While we managed to adhere to our 8:30 start time, the morning did not pass without hiccup. Noah lost the flashcards he had made for his spelling words two days ago, so he had to start by making new ones. Leila disappeared for a full hour and I didn’t go looking for her, mostly because I was feeling maxed out juggling Noah and Zahra’s needs.
While they all did a little bit of writing, and Zahra had an Arabic lesson, today was mostly a math day. After the morning’s initial scramble settled down, Noah and I worked on defining place value and reading large numbers. Zahra searched for patterns in multiplication and is working on defining multiplication in such a way as to be able to teach it to her siblings. This Math Inspirations program is really terrific. We are approaching mathematics in so many different ways, and it’s really fun for me to watch them figure it out.
The biggest way we approach math is through games. In fact, games are the only things I’m doing with Leila at the moment. Once I located her and lured her downstairs, we skip counted and played memory, matching numerals to their written forms (in both French and English!). We played cards. Math games in the work room, math games in the kitchen, math games on the deck with a view of free-ranging chickens. And then some actual skipping.
We took a break for lunch and decided to take advantage of the beautiful weather by going for a bike ride to the park. The kids taught me a new game called Toilet Tag. Don’t ask. Suffice it to say that I was at a significant disadvantage in flip flops. I caught Leila a handful of times and Zahra once when she was trapped on a play structure. I never managed to get my hands on that crazy fast and agile Noah. Of course, I needed to bring another math concept to their attention, namely that I got very close to catching them only because I know that the shortest distance between any two points is a straight line.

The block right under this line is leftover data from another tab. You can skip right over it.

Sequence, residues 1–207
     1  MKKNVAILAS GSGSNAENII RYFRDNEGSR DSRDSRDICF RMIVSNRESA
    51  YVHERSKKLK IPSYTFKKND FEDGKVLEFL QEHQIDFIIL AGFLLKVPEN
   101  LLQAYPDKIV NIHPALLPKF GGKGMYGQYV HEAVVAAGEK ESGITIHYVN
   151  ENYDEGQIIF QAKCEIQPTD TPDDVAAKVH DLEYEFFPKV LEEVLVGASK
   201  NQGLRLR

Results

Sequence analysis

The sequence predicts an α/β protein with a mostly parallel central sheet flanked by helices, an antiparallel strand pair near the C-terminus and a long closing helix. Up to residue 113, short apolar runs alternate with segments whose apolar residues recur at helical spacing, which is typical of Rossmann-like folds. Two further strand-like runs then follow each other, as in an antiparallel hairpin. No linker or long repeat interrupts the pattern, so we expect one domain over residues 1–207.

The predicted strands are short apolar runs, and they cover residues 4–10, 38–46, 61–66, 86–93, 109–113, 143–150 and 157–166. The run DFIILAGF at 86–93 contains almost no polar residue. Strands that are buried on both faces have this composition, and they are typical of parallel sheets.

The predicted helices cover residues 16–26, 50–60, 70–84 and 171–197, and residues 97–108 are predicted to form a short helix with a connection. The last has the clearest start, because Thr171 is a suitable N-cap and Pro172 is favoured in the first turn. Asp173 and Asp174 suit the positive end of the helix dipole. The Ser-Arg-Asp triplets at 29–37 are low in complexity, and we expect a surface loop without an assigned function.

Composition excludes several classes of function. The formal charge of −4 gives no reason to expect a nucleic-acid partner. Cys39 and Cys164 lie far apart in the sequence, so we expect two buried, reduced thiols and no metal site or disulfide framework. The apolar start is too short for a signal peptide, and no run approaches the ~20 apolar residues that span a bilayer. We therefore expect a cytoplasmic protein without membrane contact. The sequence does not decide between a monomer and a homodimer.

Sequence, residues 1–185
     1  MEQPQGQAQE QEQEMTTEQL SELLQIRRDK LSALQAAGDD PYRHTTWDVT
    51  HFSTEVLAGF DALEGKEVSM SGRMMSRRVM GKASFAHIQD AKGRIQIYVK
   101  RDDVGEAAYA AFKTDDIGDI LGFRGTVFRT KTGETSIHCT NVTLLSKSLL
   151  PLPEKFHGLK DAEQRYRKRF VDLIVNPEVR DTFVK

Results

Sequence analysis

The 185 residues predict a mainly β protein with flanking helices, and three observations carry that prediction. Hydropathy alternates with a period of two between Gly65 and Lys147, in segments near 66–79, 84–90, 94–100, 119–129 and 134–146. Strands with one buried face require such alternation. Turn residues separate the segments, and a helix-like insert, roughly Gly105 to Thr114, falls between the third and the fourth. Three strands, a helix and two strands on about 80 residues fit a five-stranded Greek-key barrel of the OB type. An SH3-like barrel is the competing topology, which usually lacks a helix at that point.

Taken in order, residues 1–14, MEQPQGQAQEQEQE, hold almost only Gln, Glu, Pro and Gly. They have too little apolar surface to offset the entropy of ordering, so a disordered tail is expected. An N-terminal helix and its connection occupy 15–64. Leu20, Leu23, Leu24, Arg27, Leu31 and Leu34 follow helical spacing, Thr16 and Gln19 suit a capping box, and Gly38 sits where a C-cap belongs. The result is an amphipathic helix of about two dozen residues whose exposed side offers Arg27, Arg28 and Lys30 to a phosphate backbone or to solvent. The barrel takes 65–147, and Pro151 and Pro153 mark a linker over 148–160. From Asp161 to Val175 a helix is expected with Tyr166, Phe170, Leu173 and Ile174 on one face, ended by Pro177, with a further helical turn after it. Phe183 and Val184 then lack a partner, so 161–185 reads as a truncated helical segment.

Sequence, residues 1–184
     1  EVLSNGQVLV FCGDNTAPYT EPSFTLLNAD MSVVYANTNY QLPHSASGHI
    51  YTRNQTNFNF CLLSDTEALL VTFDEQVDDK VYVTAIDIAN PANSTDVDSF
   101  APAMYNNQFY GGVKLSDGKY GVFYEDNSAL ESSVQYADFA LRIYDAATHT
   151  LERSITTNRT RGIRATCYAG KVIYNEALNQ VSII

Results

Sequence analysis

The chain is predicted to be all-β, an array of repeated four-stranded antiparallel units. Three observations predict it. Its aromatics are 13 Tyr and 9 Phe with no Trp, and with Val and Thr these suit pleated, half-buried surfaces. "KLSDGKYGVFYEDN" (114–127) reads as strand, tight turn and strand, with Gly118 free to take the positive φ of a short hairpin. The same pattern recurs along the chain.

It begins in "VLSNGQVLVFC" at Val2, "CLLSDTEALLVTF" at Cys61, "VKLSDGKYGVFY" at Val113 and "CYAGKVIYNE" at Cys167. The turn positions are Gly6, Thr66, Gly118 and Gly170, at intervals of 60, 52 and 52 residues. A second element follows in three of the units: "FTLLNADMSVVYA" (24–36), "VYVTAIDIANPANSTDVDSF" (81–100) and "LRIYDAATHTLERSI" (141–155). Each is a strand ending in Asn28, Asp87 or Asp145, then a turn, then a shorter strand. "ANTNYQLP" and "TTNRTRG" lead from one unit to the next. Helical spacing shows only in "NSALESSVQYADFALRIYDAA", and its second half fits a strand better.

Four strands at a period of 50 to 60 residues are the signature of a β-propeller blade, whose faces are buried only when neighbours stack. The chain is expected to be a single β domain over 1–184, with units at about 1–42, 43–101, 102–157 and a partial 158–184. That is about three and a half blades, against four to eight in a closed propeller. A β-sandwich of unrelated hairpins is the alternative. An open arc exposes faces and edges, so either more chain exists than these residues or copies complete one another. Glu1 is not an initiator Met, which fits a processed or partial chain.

Oh, Leila. This is a picture of her riding her bike. It may be the only one I get this summer since she simply refuses to do it. Claims she’s exhausted and then spends another hour running around the park screaming like a banshee. Sigh.
Back at home, another math game that we all played together. I really like this one. We took turns rolling a twelve-sided die. If I roll a two, for example, I would find the 2 column on my sheet of paper and write “TWO – DEUX” in the first square. The first person to get one number four times or all of the numbers at least once wins. While it was an introduction to writing numbers for Leila and review for Noah, as well as handwriting practice, Zahra was honing in on probability.
Leila ran off to play in the yard (here she is making an ‘x’ out of leaves), and I asked the other two if they wanted to listen to a chapter from a book recommended to me by…someone. Quite possibly Beth of our math workshops. It’s called The Number Devil and is the story of a boy who dreams each night of a number devil who leads him on mathematical adventures. Zahra and Noah loved the argumentative devil and the boy who refuses to be “tricked” into learning while sleeping. They asked for a second chapter and a third before I had to stop to make dinner. We talked about number patterns, the importance of zero and prime numbers.
Soon, the doorbell was ringing. The neighbour kids were home from their first day of school! We found out which teachers they got, and then the kids were off, playing endless rounds of cache-cache (and practising their French—yea!). They reluctantly separated for a lightening-quick dinner before going back to it until bedtime.